9. Uri Gneezy & Aldo Rustichini, 2000. "Pay Enough or Don't Pay at All," The Quarterly Journal of Economics, Oxford University Press, vol. 115(3), pages 791-810.
    10. Besley, Timothy, 2007. "Principled Agents?: The Political Economy of Good Government," OUP Catalogue, Oxford University Press, number 9780199283910.
    11. Guido Imbens & Karthik Kalyanaraman, 2012. "Optimal Bandwidth Choice for the Regression Discontinuity Estimator," Review of Economic Studies, Oxford University Press, vol. 79(3), pages 933-959.
    12. Shapiro, Carl & Stiglitz, Joseph E, 1984. "Equilibrium Unemployment as a Worker Discipline Device," American Economic Review, American Economic Association, vol. 74(3), pages 433-444, June.
    13. Timothy Besley, 2004. "Joseph Schumpeter Lecture: Paying Politicians: Theory and Evidence," Journal of the European Economic Association, MIT Press, vol. 2(2-3), pages 193-215, 04/05.
    14. Bernardino Benito & Francisco Bastida & Ana-María Ríos & Cristina Vicente, 2014. "The causes of legal rents extraction: evidence from Spanish municipalities," Public Choice, Springer, vol. 161(3), pages 367-383, December.
    15. Harry A. Newman & Haim A. Mozes, 1999. "Does the Composition of the Compensation Committee Influence CEO Compensation Practices?," Financial Management, Financial Management Association, vol. 28(3), Fall.
    Full references (including those not matched with items on IDEAS)

    More about this item

    Keywords

    political rents; local affairs; regression discontinuity design;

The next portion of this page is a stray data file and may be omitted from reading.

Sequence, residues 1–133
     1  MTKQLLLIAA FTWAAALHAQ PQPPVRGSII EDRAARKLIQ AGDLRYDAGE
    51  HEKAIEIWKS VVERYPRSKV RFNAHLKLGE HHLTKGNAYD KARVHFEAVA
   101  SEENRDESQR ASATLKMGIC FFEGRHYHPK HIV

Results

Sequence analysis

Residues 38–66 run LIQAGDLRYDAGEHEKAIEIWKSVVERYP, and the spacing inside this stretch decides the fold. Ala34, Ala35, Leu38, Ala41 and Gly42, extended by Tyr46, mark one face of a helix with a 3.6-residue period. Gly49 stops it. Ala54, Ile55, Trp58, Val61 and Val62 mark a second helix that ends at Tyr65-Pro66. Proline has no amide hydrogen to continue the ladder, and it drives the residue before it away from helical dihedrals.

NEP fields

    This paper has been announced in the following NEP Reports:

    Statistics

    Access and download statistics

    Corrections

    All material on this site has been provided by the respective publishers and authors. You can help correct errors and omissions. When requesting a correction, please mention this item's handle: RePEc:zbw:upadvr:v7016. See general information about how to correct material in RePEc.

    For technical questions regarding this item, or to correct its authors, title, abstract, bibliographic or download information, contact: (ZBW - Leibniz Information Centre for Economics). General contact details of provider: http://edirc.repec.org/data/fwpasde.html .

    If you have authored this item and are not yet registered with RePEc, we encourage you to do it here. This allows to link your profile to this item. It also allows you to accept potential citations to this item that we are uncertain about.

    If CitEc recognized a reference but did not link an item in RePEc to it, you can help with this form .

    If you know of missing items citing this one, you can help us creating those links by adding the relevant references in the same way as above, for each refering item. If you are a registered author of this item, you may also want to check the "citations" tab in your RePEc Author Service profile, as there may be some citations waiting for confirmation.

    Please note that corrections may take a couple of weeks to filter through the various RePEc services.

    IDEAS is a RePEc service hosted by the Research Division of the Federal Reserve Bank of St. Louis . RePEc uses bibliographic data supplied by the respective publishers.